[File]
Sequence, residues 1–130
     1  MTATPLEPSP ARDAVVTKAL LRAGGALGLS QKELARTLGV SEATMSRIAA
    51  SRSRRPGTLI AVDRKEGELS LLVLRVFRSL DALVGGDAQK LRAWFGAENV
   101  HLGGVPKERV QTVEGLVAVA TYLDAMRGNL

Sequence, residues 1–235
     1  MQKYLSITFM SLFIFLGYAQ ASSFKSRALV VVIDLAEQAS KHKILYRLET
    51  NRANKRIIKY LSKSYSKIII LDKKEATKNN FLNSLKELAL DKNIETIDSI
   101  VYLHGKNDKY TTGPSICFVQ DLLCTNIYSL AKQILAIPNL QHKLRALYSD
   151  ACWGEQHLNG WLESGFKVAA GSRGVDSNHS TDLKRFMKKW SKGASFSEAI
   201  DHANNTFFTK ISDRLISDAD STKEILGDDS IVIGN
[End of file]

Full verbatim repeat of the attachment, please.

Sequence, residues 1–130
     1  MTATPLEPSP ARDAVVTKAL LRAGGALGLS QKELARTLGV SEATMSRIAA
    51  SRSRRPGTLI AVDRKEGELS LLVLRVFRSL DALVGGDAQK LRAWFGAENV
   101  HLGGVPKERV QTVEGLVAVA TYLDAMRGNL

Sequence, residues 1–235
     1  MQKYLSITFM SLFIFLGYAQ ASSFKSRALV VVIDLAEQAS KHKILYRLET
    51  NRANKRIIKY LSKSYSKIII LDKKEATKNN FLNSLKELAL DKNIETIDSI
   101  VYLHGKNDKY TTGPSICFVQ DLLCTNIYSL AKQILAIPNL QHKLRALYSD
   151  ACWGEQHLNG WLESGFKVAA GSRGVDSNHS TDLKRFMKKW SKGASFSEAI
   201  DHANNTFFTK ISDRLISDAD STKEILGDDS IVIGN